1,800-Year-Old Roman Mosaic Revealed at Caesarea National Park

Bible and archaeology news

A colorful Roman mosaic from the second or third century C.E. was unearthed at Caesarea National Park in Israel. The mosaic was excavated by the Israel Antiquities Authority (IAA) and the Caesarea Development Corporation in partnership with the Israel Nature and Parks Authority.

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The Roman-era mosaic discovered at Caesarea National Park depicts three male figures wearing togas. Photo: Assaf Peretz, Israel Antiquities Authority.

The coastal site of Caesarea Maritima lies 30 miles north of Tel Aviv. The city was built as a major port of trade by King Herod the Great, who named it after the Roman emperor Caesar Augustus. Constructed between 22 and 10/9 B.C.E., parts of this magnificent Roman city still stand today—attracting over 700,000 tourists a year.

The archaeologists found the mosaic while excavating a sixth-century C.E. Byzantine building that may have been part of the city’s agora, which is like an ancient shopping center. Dating to the second or third century C.E., the mosaic actually belonged to an earlier Roman-period building that was underneath the Byzantine structure.

Herod’s desert fortress on the mountaintop of Masada was made famous as the site of the last stand between the besieged Jewish rebels and the relentlessly advancing Romans at the conclusion of the First Jewish Revolt. In the free ebook Masada: The Dead Sea’s Desert Fortress, discover what archaeology reveals about the Jewish defenders’ identity, fortifications and arms before their ultimate sacrifice.

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An archaeologist sweeping dirt off of the mosaic. Photo: Assaf Peretz, Israel Antiquities Authority.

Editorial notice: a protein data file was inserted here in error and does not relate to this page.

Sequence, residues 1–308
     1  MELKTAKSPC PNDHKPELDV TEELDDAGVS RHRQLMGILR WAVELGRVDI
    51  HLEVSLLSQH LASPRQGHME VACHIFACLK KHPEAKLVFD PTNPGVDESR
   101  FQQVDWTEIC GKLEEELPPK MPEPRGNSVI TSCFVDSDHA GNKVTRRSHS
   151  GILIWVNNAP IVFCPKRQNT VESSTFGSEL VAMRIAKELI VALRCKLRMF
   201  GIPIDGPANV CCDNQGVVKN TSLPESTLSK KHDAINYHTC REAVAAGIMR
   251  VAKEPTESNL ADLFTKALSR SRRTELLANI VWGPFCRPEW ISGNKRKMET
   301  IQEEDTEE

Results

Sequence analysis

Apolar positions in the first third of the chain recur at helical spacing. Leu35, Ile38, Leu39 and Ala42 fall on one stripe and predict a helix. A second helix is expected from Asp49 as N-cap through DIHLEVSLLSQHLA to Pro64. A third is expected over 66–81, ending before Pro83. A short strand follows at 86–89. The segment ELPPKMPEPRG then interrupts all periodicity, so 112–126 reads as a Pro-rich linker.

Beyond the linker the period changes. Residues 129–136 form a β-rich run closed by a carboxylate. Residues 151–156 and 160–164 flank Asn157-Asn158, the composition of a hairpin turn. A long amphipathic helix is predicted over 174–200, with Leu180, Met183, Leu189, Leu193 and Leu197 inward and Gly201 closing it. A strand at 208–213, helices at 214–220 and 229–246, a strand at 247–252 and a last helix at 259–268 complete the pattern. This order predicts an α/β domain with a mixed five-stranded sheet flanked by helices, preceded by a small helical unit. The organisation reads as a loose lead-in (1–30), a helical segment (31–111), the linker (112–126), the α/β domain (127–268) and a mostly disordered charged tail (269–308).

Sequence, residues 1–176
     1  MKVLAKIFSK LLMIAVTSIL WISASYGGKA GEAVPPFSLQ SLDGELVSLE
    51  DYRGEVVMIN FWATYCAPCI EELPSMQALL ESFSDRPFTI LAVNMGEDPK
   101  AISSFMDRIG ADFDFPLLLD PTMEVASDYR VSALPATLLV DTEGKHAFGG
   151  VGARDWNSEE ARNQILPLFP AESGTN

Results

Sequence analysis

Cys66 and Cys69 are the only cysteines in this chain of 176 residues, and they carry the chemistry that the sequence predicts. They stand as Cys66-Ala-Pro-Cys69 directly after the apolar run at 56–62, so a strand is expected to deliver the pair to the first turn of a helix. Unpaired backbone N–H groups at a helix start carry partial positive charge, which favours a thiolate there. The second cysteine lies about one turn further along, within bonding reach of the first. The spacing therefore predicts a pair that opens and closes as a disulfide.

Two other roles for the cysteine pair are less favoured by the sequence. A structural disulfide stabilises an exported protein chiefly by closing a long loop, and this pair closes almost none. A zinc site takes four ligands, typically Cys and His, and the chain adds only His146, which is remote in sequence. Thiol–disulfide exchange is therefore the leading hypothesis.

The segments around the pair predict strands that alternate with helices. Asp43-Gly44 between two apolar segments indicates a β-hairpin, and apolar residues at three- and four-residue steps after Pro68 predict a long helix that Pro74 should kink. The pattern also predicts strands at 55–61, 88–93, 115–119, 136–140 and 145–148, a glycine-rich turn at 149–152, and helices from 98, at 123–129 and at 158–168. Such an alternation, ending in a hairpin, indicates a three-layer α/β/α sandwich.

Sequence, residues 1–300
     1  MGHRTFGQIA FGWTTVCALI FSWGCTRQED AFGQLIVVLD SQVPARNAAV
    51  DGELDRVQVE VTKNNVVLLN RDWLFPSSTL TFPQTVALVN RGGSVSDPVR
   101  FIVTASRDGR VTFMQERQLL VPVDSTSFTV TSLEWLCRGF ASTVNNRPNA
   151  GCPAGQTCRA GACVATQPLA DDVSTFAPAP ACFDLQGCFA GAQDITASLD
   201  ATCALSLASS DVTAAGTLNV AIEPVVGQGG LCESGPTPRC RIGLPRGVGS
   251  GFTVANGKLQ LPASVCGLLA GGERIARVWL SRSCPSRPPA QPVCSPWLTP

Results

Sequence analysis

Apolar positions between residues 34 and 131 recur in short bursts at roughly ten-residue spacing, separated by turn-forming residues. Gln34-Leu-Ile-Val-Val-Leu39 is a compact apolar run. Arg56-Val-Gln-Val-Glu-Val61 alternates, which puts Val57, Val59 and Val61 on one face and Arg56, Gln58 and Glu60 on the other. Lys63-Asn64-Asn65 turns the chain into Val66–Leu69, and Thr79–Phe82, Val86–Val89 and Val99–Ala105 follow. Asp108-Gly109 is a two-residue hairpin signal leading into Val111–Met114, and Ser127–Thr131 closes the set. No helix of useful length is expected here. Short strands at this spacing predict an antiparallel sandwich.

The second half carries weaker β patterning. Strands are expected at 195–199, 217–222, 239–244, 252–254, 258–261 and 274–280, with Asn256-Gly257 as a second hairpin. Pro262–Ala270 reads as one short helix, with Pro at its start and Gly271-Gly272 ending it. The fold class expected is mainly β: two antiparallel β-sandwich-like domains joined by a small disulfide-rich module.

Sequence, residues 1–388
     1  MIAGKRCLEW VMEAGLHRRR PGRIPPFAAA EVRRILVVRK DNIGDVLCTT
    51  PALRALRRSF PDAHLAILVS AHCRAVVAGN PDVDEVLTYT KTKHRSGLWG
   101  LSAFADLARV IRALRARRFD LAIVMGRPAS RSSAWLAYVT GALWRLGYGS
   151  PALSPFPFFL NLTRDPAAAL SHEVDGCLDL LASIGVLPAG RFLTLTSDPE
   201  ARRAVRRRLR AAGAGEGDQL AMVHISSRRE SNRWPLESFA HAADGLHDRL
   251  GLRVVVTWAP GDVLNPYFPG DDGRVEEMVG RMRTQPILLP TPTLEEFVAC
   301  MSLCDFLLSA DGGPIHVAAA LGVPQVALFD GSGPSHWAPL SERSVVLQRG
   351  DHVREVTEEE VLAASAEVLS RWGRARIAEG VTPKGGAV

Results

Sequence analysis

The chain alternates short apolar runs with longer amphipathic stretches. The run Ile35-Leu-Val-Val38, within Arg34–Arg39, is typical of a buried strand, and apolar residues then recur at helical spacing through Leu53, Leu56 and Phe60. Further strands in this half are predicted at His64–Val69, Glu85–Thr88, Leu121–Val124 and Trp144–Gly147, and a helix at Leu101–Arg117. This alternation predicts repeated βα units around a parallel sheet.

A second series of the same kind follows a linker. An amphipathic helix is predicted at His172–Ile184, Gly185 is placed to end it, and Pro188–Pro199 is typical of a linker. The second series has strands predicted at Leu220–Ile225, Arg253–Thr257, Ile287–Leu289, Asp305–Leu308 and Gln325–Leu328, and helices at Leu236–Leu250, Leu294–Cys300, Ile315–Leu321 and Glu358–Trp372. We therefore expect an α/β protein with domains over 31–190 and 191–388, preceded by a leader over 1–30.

Measuring about 11.5 by 26 feet and consisting of thousands of colorful tesserae (mosaic tiles), the vibrant mosaic depicts three men wearing togas and features a Greek inscription.

“Who are they? That depends on what the building was used for, which is not yet clear,” said Dr. Peter Gendelman and Dr. Uzi ‘Ad, the IAA excavation directors, in an IAA press release. “If the mosaic was part of a mansion, the figures may have been the owners. If this was a public building, they might have represented the donors of the mosaic or members of the city council.”

The Roman moaic and Byzantine building were discovered during the reconstruction of a Crusaders-era entrance bridge to the site. The effort is part of a larger project to create a promenade to connect the town of Jisr a-Zarqa to Caesarea National Park. The IAA Conservation Administration plans to ensure that the mosaic is preserved. Additionally, the entrance bridge will be reconfigured to allow the public to view the mosaic.

Guy Swersky, deputy and acting chairman of the Edmond de Rothschild Foundation, which has invested around $27.5 million USD to the project, commented on the significance of these recent finds:

“Old Caesarea never stops surprising, fascinating and thrilling us, time after time revealing slices of history of worldwide significance. This amazing mosaic is a unique find in Israel. This is especially true considering where it was found—in the northern part of the park, in an area that has hardly been excavated.”
 


 
Amanda Laughead is an intern at the Biblical Archaeology Society.
 


 

More on Caesarea Maritima in Bible History Daily:

New Discoveries Unveiled at Caesarea Maritima

Divers Discover Sunken Cargo at Herod’s Port City

Hoard of Gold Coins Found in Caesarea Harbor

Robert Jehu Bull (1920–2013)
Former excavation director of Caesarea Maritima
 


 

Posted in News, Biblical Archaeology Sites.

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